This chapter examines the learning experiences and linguistic practices of adult second language (L2) learners of Gaelic in Scotland and reflects on this group’s possible contribution to Gaelic revitalisation. In Gaelic Scotland there is now a strategic imperative to ensure greater numbers of adults learning Gaelic achieve fluency in order to help achieve target increases in the crude number of Gaelic speakers in Scotland. Current Gaelic language-in-education policy aims to motivate adults to learn the language and, ultimately, to become active members of the target speech community. Making the transition from being an adult L2 learner to a user, or speaker, of a target language is known, however, to be a complex and non-linear process (O’Rourke et al 2015; Nic Fhlannchadha and Hickey 2016). This chapter reports the results from a sample of 282 L2 adults who participated in an online survey in 2013 as part of a wider study exploring the effectiveness of a classroom learning programme for Gaelic, called Ùlpan (Macleod et al. 2015). The focus of this chapter is to understand Gaelic learner pathways, linguistic practices and learning outcomes. The results offer fresh insights into the disjuncture between the aspirations of minority language policy and the social realities of adults learning a minority language in the context of diminished place-based speaker communities. The findings also highlight the liminal space which minority language learners occupy both in practice and in contemporary theorising over adult language learning; their learner situation neither replicates the foreign language social context - despite the target language not being the typical language of communication in their immediate environment - nor the immersion learning context, in which naturalistic learning of the target language can complement classroom learning.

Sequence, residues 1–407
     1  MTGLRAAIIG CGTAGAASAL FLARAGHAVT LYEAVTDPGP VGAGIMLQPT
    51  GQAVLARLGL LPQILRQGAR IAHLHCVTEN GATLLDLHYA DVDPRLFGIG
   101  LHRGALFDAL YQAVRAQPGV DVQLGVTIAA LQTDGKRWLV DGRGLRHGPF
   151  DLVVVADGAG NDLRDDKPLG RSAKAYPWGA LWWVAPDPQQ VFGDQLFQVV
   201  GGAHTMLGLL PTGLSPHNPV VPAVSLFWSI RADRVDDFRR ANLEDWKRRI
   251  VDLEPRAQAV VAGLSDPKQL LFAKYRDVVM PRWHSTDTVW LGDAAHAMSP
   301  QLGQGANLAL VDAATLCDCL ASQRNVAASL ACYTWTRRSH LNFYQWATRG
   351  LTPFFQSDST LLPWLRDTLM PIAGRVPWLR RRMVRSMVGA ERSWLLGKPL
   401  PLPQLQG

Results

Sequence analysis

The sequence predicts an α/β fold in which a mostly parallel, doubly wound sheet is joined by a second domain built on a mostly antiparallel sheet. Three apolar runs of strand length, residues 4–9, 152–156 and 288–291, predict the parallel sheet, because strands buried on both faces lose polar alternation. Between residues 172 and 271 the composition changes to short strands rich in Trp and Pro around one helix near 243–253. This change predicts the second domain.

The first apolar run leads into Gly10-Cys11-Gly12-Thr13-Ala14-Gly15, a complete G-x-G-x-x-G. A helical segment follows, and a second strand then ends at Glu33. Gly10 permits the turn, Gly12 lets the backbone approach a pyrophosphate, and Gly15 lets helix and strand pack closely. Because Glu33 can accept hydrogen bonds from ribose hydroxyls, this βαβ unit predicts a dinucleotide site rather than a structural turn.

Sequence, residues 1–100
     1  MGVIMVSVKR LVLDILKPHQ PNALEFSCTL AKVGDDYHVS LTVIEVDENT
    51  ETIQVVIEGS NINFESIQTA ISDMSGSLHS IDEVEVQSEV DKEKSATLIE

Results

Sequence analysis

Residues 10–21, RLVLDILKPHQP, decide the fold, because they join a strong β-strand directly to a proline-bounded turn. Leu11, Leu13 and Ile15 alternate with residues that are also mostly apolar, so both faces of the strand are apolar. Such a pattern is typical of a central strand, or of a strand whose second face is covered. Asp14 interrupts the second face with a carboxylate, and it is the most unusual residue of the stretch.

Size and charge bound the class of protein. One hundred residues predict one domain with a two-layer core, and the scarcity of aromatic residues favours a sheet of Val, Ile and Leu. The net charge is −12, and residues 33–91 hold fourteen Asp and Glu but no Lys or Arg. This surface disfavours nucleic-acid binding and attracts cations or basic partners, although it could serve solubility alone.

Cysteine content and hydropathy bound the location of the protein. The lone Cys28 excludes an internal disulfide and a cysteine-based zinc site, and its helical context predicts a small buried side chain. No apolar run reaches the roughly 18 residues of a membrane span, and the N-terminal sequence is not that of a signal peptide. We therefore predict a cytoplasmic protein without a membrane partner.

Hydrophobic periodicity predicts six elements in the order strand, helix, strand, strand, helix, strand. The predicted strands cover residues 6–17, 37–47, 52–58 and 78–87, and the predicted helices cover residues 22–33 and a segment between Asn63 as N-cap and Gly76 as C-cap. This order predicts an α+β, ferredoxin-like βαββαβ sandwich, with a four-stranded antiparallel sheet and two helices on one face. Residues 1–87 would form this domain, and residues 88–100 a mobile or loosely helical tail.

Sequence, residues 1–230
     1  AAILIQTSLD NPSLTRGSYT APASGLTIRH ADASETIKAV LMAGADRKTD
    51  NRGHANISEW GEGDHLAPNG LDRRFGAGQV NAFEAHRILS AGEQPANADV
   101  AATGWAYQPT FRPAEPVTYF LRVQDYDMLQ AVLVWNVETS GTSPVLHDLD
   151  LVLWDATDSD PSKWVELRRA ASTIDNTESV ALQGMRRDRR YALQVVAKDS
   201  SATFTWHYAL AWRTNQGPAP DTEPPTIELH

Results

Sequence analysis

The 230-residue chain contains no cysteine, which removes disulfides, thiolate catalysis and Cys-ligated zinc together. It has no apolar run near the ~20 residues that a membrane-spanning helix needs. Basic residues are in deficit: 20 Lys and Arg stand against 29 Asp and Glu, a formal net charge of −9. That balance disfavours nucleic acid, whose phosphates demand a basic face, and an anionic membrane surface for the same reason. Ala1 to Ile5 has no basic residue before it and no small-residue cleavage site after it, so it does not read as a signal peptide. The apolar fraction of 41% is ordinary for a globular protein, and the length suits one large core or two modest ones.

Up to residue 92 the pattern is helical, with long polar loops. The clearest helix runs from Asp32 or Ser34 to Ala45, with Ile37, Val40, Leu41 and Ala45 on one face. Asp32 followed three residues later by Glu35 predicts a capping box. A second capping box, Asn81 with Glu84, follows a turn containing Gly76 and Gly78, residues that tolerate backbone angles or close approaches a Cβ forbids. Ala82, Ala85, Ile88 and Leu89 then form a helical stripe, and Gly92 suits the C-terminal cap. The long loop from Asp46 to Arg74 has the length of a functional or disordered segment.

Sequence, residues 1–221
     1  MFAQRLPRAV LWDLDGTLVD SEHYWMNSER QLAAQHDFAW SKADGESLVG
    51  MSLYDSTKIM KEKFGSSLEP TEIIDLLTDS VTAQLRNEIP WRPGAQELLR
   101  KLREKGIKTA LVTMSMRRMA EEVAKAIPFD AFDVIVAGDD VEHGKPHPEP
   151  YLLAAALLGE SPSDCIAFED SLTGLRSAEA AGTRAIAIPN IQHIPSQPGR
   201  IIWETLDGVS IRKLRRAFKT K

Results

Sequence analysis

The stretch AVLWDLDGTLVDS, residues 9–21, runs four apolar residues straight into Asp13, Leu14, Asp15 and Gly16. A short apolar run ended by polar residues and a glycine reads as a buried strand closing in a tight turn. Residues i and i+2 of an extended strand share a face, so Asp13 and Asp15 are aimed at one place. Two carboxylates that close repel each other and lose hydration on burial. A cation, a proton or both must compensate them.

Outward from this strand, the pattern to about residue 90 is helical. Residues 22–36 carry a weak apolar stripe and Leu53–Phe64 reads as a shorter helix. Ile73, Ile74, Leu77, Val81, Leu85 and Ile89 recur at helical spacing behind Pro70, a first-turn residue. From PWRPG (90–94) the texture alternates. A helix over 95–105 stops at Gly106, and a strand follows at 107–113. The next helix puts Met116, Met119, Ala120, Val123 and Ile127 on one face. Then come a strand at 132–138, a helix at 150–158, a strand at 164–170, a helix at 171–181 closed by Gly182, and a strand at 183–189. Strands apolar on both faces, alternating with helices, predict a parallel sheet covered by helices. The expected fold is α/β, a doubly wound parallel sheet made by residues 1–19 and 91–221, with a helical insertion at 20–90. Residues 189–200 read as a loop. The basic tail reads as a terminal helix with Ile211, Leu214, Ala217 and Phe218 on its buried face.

|Title of host publication||Gaelic in Contemporary Scotland|
|Editors||Marsaili MacLeod, Cassie Smith-Christmas|
|Publisher||Edinburgh University Press|
|Publication status||Published - 1 Nov 2018|
- language learning
- minority languages